April 13, 2017
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On Mar. 31, 2017 Angle’s Reproductive Heath Care Clinic in Northfield closed after 44 years of educating and serving the area.
According to a press release on the Angles website Dr. Loren Hutter, the Clinic’s Medical Director said about the closure, “When we opened our Clinic in the early 70s, there were very few options for teens who needed confidential counseling, birth control, pregnancy testing, gynecological exams and/or testing and treatment for sexually transmitted infections. Now, over 40 years later, the landscape and options for our young population has changed dramatically. Our Clinic volume has been gradually declining over the last five years and much of that is due to greater numbers of insured young people who can obtain these services as covered preventative care.”
Later in the release Dr. Hutter cites the decrease in clinic volume to the teens “delaying sexual activity” and making educated decisions about their sexuality.
Angles’ closure, then, can be seen as a twisted success. Yes, students and others, will miss the Clinic’s resources, but its closure due to its diminishing visitors is a great triumph for sexual health in our area.
Since 1973, when Angles first opened, public schools sexual heath curriculum has expanded. From in the early 70s sexual education classes preaching sexual abstinence, to reformed sexual education cloaked with a controversial taboo, to present day where a accurate, evidence-based sexual education program educating about all topics from abortion, to contraception, to abstinence, and STDS is a pillar of New Trier’s heath curriculum.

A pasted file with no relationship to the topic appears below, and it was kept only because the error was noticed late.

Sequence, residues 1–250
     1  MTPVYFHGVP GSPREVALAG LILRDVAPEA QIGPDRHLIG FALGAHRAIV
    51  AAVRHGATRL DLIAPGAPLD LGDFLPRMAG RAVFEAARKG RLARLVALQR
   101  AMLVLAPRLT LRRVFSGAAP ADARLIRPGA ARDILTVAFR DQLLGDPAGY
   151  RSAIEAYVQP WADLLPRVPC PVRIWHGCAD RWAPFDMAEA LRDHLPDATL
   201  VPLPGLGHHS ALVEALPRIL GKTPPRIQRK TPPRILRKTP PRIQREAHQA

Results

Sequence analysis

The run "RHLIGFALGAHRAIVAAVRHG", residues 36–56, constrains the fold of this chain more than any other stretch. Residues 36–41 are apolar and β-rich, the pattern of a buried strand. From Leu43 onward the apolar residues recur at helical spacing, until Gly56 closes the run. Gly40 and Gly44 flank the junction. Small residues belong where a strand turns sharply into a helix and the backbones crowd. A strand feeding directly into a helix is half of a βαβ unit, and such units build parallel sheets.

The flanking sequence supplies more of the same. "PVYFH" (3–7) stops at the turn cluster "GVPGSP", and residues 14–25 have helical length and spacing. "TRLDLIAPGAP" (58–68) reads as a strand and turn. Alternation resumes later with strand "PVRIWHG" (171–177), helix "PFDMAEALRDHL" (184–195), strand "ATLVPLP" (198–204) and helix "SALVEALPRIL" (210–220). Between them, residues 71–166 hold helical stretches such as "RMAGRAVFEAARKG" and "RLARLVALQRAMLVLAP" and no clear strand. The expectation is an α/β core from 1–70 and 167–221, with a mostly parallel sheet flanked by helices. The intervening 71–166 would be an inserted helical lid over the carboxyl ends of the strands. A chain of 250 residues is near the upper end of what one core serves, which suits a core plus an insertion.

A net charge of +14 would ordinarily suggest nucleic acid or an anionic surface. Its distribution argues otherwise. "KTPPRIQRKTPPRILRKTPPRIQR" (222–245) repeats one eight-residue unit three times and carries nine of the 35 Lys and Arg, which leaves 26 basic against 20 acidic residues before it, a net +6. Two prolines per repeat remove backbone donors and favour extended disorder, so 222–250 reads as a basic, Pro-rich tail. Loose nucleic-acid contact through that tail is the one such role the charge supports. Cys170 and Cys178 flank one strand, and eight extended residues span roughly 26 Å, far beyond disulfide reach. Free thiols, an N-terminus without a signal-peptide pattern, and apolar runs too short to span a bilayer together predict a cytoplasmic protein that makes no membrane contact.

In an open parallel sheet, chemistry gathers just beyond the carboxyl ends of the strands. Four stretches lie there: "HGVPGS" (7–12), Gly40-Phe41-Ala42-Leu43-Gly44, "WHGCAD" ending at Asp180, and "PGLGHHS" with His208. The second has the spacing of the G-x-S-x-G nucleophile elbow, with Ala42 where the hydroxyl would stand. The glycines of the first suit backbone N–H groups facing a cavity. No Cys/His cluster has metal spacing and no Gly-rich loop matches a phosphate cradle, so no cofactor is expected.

We are lucky, many high school students still face abstinence-only sexual education which not only show the whole picture of sexual education but are inaccurate and ineffective. For in order for individuals to truly care for and respect their bodies they need all the information available.
So, yes, the New Trier community is privileged when it comes to the sexual education we receive and our increasingly affluent community gives us access to services to maintain our sexual health. With most of our parents on heath care plans attending yearly physicals, obtaining birth control, or testing and treatment for STDs will not break bank, but will force you to talk to a parent.
Now, yes, most parents will immediately help their child and ensure they get the services they need to remain healthy. Nevertheless the conversation is uncomfortable with the questions, the slightly disappointed glances, the awkward silences, the parent-child dynamic forever altered.
The closure of the Angles’ Clinic, though justified, creates difficult situations for some students seeking counseling or resources. Yes, by the age of 12 all individuals are granted confidentiality at doctors appointments, but these appointments often come with high costs, costs that will not go unnoticed by hovering eyes.
Furthermore students, rightly so, don’t want to share sexual heath issues with their parents. Angles, with confidential appointments, resources and helpful counseling, was a heaven for kids in search of support and information on sexual health.
Our sex ed unit will continue to teach us the in’s and out’s of relationships and how to live healthy lives. Although, the closing of a confidential health care clinic that many students used will be inconvenient, we will continue to be educated on our sexual health.